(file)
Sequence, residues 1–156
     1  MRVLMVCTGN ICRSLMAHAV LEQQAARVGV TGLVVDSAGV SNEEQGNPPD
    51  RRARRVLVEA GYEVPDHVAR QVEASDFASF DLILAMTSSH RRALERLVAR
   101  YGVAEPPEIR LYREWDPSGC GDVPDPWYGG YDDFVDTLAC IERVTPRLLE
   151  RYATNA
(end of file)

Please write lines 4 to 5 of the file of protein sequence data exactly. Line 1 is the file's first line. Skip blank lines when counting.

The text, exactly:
   101  YGVAEPPEIR LYREWDPSGC GDVPDPWYGG YDDFVDTLAC IERVTPRLLE
   151  RYATNA